Former Vice President Joe Biden v. incumbent President Donald Trump. Although they are the headliners in the 2020 election, employers and HR leaders also have been looking a little further down-ballot in several states as voters made decisions that will affect workplace policies.
Here’s a look at a few that might affect you:
Florida’s minimum wage
Florida on Tuesday voted to gradually hike the state’s minimum wage to $15 per hour, joining a growing list of states and municipalities in taking the step.
The timeline to bring the current $8.50 minimum wage up to $15:
- $10 on Sept. 30, 2021
- $11 on Sept. 30, 2022
- $12 on Sept. 30, 2023
- $13 on Sept. 30, 2024
- $14 on Sept. 30, 2025
- $15 on Sept. 30, 2026
In addition, according to the amendment, beginning Sept. 30, 2027, increases to the Sunshine State’s minimum wage will be based on the Consumer Price Index for Urban Wage Earners and Clerical Workers.
Colorado’s paid family leave
A ballot measure in Colorado, which was approved by 57% to 43%, will establish a paid family and medical leave program in the Centennial State to provide 12 weeks (up to 16 weeks in certain cases) of paid leave funded through a payroll tax to be paid by employers and employees in a 50/50 split. The maximum benefit will be $1,100 per week.
The law will offer job-protected paid-leave benefits to workers who have earned at least $2,500 from their employer and have been on the job for at least 180 days. Employers with fewer than 10 employees will be exempt.
While a number of states and D.C. already have paid leave laws on the books, some advocates have called on lawmakers to create a national-level paid leave policy to end the patchwork of laws they’re dealing with now
“Paid leave from work is essential to balance the demands of parenting, health and financial well-being,” American Benefits Council President James A. Klein has said. “That’s why the Council’s 220 multi-state member companies provide workers generous paid time off – and why the Council calls for federal legislation enabling uniform nationwide standards that leverage private sector solutions.”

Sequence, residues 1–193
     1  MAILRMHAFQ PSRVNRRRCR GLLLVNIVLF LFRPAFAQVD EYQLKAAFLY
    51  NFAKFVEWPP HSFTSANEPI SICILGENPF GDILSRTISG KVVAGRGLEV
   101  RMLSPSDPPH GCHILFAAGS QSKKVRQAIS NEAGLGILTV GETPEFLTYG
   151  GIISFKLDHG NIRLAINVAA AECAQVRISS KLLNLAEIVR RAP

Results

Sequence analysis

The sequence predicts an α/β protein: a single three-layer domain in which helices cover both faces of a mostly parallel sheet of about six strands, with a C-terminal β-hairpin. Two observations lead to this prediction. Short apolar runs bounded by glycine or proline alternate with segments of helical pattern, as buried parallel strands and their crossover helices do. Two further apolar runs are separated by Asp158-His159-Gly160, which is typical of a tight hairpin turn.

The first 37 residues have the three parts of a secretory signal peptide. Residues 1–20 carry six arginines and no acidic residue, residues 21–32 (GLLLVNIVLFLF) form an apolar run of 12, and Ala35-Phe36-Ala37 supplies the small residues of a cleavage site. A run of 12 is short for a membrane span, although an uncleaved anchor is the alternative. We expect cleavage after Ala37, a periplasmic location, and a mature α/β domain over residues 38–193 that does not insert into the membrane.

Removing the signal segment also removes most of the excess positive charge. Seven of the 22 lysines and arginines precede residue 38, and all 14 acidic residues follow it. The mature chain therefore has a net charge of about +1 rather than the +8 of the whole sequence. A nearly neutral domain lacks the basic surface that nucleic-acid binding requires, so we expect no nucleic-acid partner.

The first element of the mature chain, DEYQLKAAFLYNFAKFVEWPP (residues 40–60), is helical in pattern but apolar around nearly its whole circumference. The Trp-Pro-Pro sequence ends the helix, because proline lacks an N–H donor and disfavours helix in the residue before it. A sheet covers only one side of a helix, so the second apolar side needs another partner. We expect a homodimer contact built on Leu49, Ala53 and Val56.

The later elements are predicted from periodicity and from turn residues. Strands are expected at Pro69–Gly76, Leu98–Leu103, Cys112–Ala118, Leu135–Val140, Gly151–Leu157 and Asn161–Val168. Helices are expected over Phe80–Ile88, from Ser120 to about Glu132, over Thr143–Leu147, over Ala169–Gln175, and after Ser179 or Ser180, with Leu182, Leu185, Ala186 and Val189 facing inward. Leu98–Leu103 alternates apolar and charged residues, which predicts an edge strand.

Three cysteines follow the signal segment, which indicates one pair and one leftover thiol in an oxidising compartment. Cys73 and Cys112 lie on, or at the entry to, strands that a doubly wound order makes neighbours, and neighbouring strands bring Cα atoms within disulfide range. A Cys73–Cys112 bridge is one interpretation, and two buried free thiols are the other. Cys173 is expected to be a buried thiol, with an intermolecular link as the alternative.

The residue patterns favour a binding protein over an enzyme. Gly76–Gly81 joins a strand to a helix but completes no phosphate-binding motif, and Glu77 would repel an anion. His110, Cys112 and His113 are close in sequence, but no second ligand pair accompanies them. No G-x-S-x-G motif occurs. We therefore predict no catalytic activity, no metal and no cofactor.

“State and local governments have a legitimate interest in the well-being of their citizens,” added ABC’s State Law Project Co-Chair and former member of Congress Earl Pomeroy (D-ND). “But for national employers and their workers, adopting federal standards that build upon employer-sponsored programs recognizes the reality of a dispersed and mobile workforce and treats employers and employees fairly.”
California’s contractor classification
The Golden State’s 2020 election ballot also included Proposition 22, a measure exempting app-based gig-economy drivers from the state’s 2019 Assembly Bill 5 — a state law designed to determine a worker’s status as an independent contractor or an employee.
A little more than 58% of the state voted yes on the initiative, which defines app-based transportation (rideshare) and delivery drivers as independent contractors and adopts labor and wage policies specific to app-based drivers and companies.
According to the ballot measure, app-based drivers will receive benefits, including:
- Minimum net earnings of 120% of the state’s or locality’s minimum wage and 30 cents per mile;
- Healthcare subsidies;
- Occupational accident insurance; and
- Accidental death insurance.
Under the measure, companies will also have to develop anti-discrimination and sexual-harassment policies, and it will limit drivers to working no more than 12 hours during a 24-hour period.